Verse of the Day!

Monday, February 20, 2006

The day after....

First off, for all of you who have run marathons before (or are preparing for one), just let me get this out of the way- I know, I know, "start slow." I knew that, but I didn't particularly feel like I was going too fast. I made it under 4 hours and that was my goal, even if I didn't run a particularly smart race. Now, onto the happenings...

Towards the end of last week, I started getting worried about the weather. It looked like it was going to be colder than I would have preferred, with the possibility of rain. At this point, though, there was no turning back. I had too much time and energy invested in this. We had planned to spend the night at my parents house in Salado and then go to the start from there. We considered staying in a hotel closer to the start, but ultimately decided that we could get there from Salado without a problem.

I had driven to the start when I went down to get my race number and chip and it took about 45 minutes to get there from Salado. We (Regina, Drew, and I) left Salado about 5:00 am to give ourselves plenty of time to get there. I wanted to be at the start by 6:15 (for a 7:00 am start). Well, between the weather and a wrong turn (don't ask) we got within about 2 miles of the start by 6:15. Traffic- the one factor I didn't account for (file that away for next time). About 6:30, I got out and started stretching along the side of the road while Regina kept inching along on the road. About 6:45, with the entrance to the starting area almost in sight, I decided I should heading that way on foot. I came across a cop who was directing traffic and he said the start had been pushed back to 7:30 due to weather. What a relief! So, I backtracked a little and found Regina and got back in the warmth of the car. Then, at 7:15, I decided to travel on foot again as Regina inched along. I thought we might get to the parking area in time, but I didn't want to risk it. Turns out Regina and Drew did make it to the start, but they were looking for me on the right and I was looking for them on the left. Oh, well...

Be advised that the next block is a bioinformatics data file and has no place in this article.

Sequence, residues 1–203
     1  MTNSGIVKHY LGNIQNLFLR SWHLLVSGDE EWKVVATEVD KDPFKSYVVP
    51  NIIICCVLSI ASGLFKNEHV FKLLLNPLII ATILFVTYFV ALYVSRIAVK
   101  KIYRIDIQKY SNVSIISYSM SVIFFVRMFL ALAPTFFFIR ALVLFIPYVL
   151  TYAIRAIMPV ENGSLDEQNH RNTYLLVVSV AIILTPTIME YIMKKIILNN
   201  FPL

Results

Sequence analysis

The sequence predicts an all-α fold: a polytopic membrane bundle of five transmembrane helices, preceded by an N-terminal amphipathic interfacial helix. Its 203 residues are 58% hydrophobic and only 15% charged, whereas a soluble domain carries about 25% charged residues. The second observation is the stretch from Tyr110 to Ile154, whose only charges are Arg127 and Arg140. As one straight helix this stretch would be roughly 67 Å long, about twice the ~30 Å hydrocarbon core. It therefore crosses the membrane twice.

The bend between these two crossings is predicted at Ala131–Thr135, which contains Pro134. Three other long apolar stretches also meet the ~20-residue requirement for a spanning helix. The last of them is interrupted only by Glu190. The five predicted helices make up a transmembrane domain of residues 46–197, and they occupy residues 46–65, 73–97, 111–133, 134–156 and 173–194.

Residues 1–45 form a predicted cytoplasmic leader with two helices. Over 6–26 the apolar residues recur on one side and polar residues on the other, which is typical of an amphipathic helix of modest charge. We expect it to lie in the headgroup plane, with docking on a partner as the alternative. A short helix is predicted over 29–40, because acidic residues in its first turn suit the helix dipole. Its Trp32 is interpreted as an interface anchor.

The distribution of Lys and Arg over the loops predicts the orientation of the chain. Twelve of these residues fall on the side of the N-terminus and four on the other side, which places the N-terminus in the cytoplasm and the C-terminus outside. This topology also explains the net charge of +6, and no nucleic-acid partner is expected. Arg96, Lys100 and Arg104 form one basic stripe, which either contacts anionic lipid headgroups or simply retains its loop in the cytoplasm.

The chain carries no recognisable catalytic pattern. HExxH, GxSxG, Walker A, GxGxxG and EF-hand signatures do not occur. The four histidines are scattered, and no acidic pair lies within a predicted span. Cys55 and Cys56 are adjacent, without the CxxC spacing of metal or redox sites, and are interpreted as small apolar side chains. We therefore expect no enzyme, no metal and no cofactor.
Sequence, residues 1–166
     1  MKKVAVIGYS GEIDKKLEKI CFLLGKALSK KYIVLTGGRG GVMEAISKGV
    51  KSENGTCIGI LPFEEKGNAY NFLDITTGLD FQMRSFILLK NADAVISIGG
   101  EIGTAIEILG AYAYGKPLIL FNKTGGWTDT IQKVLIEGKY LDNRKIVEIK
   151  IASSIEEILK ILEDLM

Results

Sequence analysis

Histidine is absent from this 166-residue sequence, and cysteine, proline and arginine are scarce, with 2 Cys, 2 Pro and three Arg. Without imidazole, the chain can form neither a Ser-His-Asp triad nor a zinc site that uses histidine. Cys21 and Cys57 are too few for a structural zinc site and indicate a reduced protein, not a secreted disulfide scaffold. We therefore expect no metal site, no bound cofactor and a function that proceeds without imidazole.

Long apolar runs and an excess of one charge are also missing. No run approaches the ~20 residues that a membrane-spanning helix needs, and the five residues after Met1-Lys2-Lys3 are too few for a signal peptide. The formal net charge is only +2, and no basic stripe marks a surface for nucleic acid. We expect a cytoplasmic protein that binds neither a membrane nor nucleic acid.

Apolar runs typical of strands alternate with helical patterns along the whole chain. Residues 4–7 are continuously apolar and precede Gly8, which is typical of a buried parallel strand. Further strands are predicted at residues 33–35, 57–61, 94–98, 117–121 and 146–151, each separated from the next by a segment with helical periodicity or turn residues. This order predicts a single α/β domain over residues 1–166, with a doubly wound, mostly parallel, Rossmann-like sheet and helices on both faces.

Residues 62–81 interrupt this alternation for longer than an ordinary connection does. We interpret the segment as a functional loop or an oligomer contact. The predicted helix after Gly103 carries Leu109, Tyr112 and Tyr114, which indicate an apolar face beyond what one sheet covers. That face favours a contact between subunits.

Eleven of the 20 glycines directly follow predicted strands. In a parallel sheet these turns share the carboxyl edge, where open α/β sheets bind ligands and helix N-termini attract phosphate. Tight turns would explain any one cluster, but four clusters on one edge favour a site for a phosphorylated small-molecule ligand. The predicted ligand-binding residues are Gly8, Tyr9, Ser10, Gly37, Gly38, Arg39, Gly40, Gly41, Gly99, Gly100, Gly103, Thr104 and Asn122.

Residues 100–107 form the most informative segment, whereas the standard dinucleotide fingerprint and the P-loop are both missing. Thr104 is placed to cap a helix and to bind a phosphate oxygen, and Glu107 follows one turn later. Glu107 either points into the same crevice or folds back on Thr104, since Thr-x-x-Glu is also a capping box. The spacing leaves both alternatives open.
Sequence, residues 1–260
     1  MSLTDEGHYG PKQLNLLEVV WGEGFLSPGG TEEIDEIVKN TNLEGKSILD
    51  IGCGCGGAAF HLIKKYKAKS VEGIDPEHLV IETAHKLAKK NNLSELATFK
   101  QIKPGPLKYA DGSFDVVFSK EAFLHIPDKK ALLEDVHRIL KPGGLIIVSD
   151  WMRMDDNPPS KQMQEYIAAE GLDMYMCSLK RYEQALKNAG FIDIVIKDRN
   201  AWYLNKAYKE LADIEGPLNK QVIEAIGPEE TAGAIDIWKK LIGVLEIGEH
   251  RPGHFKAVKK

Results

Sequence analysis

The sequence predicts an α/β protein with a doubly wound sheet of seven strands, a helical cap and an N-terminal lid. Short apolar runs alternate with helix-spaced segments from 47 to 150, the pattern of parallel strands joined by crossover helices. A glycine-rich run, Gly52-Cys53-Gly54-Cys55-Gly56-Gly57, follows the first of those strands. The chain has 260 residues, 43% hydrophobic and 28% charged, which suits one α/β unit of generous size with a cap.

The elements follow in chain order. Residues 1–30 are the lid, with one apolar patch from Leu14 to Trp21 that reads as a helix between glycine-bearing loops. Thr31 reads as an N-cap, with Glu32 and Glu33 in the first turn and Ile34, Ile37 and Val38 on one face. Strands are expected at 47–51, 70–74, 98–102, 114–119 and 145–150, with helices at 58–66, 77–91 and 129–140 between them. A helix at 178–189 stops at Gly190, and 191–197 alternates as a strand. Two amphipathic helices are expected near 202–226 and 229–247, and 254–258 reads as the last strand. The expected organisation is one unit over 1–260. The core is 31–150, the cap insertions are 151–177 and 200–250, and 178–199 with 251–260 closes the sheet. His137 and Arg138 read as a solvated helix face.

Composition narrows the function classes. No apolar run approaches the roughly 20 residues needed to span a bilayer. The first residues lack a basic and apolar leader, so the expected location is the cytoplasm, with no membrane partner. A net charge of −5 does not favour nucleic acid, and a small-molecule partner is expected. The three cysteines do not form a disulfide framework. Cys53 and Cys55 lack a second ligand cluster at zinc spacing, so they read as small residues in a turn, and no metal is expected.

Yes, it was cold. About 28. I ran in shorts, but started out with a hat, gloves, a trash bag, and some old socks that I cut the toes out of and fashioned into sleeves so that I could get rid of them along the way. It's amazing what some people will just toss along the course as they heat up. Someone tossed a finisher's jacket from last year's marathon. I thought about picking that one up. Onto the actual run...

Mile 1- 9:23:
The start is very crowded. It starts on the Freescale site and it's basically on a narrow two lane road for almost half a mile, so you're just trying to stay upright for that part (which some people failed to do as they hit some ice in the gutters). It then fans out onto half of a wide 6 lane street and you have some running room. I started out with the 3:45 pace group thinking I could hang with them. (More on that later.)

Mile 2- 8:41:
I was still getting warmed up here, but did trash the trash bag somewhere during this mile. It was cold, but my body was warming up now. I did feel a little tightness in my hamstring which worried me. (I'd been having some problems for about a week and a half and had been getting treatment for it, so I was worried about that going in.) Not enough to hurt, but just enough to remind me that it was there and that it could inflict great pain at any moment. It didn't slow me down, though.

Mile 3- 8:19:
Cruising along with the 3:45 pace group, feeling good. There are some uphills in this section, but no big deal compared to the hills of Woodway.

Mile 4- 8:17:
It flattened out in this section. I still felt good and was pleased that my pace was fairly even over the last 2 miles. Somewhere around here, I started running with Andy. I guess he was bit behind me because I had taken my "sleeves" off and he wanted to know how I took my long sleeve undershirt off while running and keeping my other shirt on. I assured him that I wasn't that coordinated and told him about my sock/sleeves.

We started talking and running together. It was nice to have someone to talk to and we were running about the same pace. Like me, his goal was 4 hours, but he also thought he could run in the 3:45-3:50 range. He was more successful than me. (At least I assume that's him- he's the only Andy from Chicago that finished.)